At the age of 13, I received my first love letter (ラブレター, rabu retā). It was waiting for me in my school shoe box (下駄箱, getabako).

The Inescapable Complexity of Japanese Love

Maria Korzh26.05.20224min10641
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At the age of 13, I received my first love letter (ラブレター, rabu retā). It was waiting for me in my school shoe box (下駄箱, getabako).

If you didn’t know, getabako was, and still is, a favorite hiding place for romantic letters for generations of Japanese teenagers. How to imagine the years of youth in Japan, which would not brighten up the long-awaited envelope lying on top of a pair of worn-out slippers (上履き, uwabaki)!

I carried the letter with me all day, but somehow lost it when I got home. My father found it and called me to a serious conversation at the kitchen table (食卓, shokutaku) that evening (our cramped service apartment (社宅, shataku) did not have a private office). He told me to stop all this nonsense immediately. And in general, stay away from men, because otherwise it’s not far from pregnancy, and this will cause a lot of trouble and worries to my parents.

I tell this simple story because it seems to me that it really illustrates the Japanese way of looking at love and relationships.

Of course, times have changed and Japanese society seems to be more open than ever, but the fact of the matter (でもはっきり言うと, demo hakkiri iu to) is that deep at the heart of this patriarchal society (父権社会, fukenshakai) lies the belief in the fact that love and all its manifestations lead to problems and troubles, and therefore all these nonsense should be stopped immediately.

And now, many years after this story, I can only note with regret that Japanese men and women are still far from being able to understand each other (本の男と女は相変わらずわかりあえない).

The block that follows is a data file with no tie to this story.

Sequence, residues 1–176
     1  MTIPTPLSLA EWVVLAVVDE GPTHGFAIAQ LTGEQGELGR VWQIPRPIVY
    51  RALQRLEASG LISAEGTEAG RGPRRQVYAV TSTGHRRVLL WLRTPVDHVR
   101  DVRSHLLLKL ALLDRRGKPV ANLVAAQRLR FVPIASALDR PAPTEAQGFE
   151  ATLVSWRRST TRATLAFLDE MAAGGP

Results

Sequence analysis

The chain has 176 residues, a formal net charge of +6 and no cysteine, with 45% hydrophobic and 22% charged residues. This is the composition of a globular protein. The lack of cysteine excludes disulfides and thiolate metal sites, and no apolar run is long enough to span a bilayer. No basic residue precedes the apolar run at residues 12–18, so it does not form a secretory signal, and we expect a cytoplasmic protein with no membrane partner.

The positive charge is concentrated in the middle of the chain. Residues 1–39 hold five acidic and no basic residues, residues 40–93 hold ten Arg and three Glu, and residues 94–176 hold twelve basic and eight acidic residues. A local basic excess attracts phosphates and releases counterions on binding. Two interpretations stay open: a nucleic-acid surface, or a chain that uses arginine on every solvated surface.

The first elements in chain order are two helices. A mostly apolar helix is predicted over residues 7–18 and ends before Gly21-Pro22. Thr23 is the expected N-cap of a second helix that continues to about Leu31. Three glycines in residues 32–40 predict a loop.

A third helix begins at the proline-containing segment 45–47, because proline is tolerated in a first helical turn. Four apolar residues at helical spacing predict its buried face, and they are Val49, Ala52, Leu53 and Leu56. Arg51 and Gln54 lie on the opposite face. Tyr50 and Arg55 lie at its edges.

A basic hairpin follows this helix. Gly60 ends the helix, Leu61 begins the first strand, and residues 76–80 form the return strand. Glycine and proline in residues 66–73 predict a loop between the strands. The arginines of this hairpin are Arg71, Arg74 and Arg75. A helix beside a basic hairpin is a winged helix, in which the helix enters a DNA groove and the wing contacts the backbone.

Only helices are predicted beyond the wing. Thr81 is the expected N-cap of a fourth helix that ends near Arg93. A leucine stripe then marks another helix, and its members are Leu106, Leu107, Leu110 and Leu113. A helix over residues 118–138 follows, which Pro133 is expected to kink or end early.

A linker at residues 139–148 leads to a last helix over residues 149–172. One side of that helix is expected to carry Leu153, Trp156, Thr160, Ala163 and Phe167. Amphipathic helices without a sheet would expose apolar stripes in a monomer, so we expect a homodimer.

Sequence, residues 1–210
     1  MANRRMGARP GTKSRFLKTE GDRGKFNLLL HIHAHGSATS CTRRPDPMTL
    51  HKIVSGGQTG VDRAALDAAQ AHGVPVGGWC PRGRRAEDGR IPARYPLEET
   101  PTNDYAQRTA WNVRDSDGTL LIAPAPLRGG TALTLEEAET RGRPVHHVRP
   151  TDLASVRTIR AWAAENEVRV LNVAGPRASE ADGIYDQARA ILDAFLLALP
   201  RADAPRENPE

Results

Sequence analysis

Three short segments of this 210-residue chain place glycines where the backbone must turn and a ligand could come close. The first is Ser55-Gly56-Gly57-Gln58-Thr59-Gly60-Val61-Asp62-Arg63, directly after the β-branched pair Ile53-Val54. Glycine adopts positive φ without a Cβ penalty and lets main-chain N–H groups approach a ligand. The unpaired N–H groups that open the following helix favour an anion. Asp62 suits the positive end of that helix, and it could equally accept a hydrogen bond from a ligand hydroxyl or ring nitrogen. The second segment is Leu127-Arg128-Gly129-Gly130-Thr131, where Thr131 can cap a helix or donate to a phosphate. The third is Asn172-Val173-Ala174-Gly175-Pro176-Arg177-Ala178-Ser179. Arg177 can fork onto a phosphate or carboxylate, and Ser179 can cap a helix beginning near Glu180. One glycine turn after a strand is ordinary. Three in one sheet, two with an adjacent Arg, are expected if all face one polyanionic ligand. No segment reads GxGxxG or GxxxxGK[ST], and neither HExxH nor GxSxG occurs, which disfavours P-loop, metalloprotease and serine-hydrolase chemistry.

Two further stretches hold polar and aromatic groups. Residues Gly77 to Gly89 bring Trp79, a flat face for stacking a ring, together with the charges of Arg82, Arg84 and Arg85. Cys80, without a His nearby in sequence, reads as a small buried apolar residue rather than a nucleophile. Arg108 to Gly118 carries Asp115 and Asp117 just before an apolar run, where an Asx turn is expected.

One has only to go to the nearest Japanese pub (居酒屋, izakaya) to see this gender division. Office workers venting complaints about their companies (会社, kaisha) occupy one corner, while girls (女子会, joshikai) in the opposite corner discuss relationship problems and complain to each other about the lack of decent [hot] guys (いい男, ii otoko). One would assume that at some point the two companies would begin to mingle, but this happens extremely rarely.

Spontaneous gatherings, as opposed to carefully planned social gatherings (合コン, gōkon), are served by increasingly popular restaurants with tables for two. In such establishments, women under the age of 30 who are seeking marriage may find themselves at a table with a suitable bachelor (婚活, konkatsu).

Generally, when registering (受付, uketsuke), women are asked to indicate their age. The younger they are, the more likely they are to have dinner with a truly single (not everyone plays fair) man under 40 with a regular income. Because it is usually the man who pays the bill, some young women come to these meetings solely for the purpose of having a free meal. As my 24-year-old niece says, “By the time payday comes, I’ll starve to death if someone doesn’t treat me to dinner!” (O-kyūryōbi mae wa, dareka ni ogotte morawanai to gashi-shichau).

How to promote a man for a free dinner and age discrimination … Is that really all that the Japanese mean when they talk about love and relationships? Unfortunately, very often the essence of relationships is determined by personal finances and economic situation. The very first question on the Konkatsu Agency’s questionnaire is about the level of annual income (年収, nenshū). If a woman does not work (無職, mushoku), she will definitely be asked about the financial situation of her parents.

It looks like the price of love and marriage is going up every year. My 38-year-old friend Kumi says, “I can’t be picky about this. The main thing is that he earns at least ¥7 million a year and is not bald.” As for the character of a person, his political views, convictions – all this is of secondary importance. And if he is a racist, a misogynist, a tyrant?

“We’ll figure it out later,” Kumi says. An income of ¥7 million is the only point on which she will not make concessions. A person without money cannot be trusted

The fact that Japanese women do not trust men is not surprising. For centuries they lived in dependence on men. They were forbidden to work, to have their own means, opinions, desires. Before World War II, very few women married for love (恋愛結婚, ren’ai kekkon), and even then, love meant endless housework to keep the husband and children comfortable.

The Japanese are not experts in what we used to call Love, and no amount of candy (義理チョコ, giri choco, literally: “mandatory chocolate”) bought on Valentine’s Day (バレンタインデー, Valentine’s Day) will help here!

Maria Korzh


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